My first visit and definitely not my last. Hug sweet Sophie for me.ReplyDelete
I am new to your blog; I cam via Rebecca's. What you are doing is wonderful. The people of Japan need help and prayers; such a devastating chain of horrific events.ReplyDelete
Wonderful what you are doing Elizabeth. Sending love.ReplyDelete
My word verification is allin. All in? Yes we are. Thank you.
I comment very rarely, but I am here, thinking as hard as I can.ReplyDelete
I normally don't comment, if just because I am usually on my cell phone, which makes it a tad bit more difficult. But, as luck would have it, I am on my laptop. This is such a good thing you're doing, Elizabeth.ReplyDelete
By the way, I found that segment on you & your husband & how he sort of "made you fall in love with him." So sweet. After your first marriage, were you jaded...or simply not looking? Or both? I ask, just because I've recently broken up with somebody I cared very much about & alas... I'm so very jaded. But perhaps I always am & perhaps some more jade-ness would do me good. My eyes are opening to new opportunities that I never considered before, so it's freeing.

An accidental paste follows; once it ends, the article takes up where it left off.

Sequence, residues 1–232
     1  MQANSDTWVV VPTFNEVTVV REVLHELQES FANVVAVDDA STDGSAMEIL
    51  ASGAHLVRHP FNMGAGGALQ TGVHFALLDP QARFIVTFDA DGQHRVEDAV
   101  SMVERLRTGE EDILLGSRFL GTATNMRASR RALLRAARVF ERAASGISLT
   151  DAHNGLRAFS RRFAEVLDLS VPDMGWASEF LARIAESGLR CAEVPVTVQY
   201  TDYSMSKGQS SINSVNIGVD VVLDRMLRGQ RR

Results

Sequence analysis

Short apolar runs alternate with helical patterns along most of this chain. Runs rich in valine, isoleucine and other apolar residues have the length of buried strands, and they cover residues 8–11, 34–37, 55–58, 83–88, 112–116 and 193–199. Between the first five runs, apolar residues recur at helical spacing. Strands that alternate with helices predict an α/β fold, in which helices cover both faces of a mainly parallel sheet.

Hope Sophie, you, and yours are all doing well today.
Beautiful, inside and out. Thank you :O)ReplyDelete
Yet another frequent lurker, in awe of you and your kindness.ReplyDelete
wow, you've got a lot of readers!ReplyDelete
I don't know if I count.
I finally made myself sit down the other night and witness some of it.
Thanks to you.
It's wonderful to see so many people commenting, thus contributing to those in such dire need. Thank you for your generosity!ReplyDelete
I'm a lurker, because I didn't think my comments would be worth much. But I like reading about your lovely Sophie and your boys. My sadness too runs deep for the people in Japan. Thank you for your words and inspiration!
I love this idea and am pleased I read about it on Rebecca's blog. Thank you :)ReplyDelete
Here I am leaving a comment. We are one. Thank you for helping.ReplyDelete
I confess to having been a lurker and your wonderful offer has brought me out.ReplyDelete
I have been so impressed with the composure and dignity of the Japanese people through this horrific tragedy.
Thank you for what you are doing, and best wishes to your family.
And congratulations on your success in having Sophie stay in her class!
-- Joan in PA
I'm a first time reader of this blog :)You are so wonderful to support all the victims of the horrible disaster across the world!ReplyDelete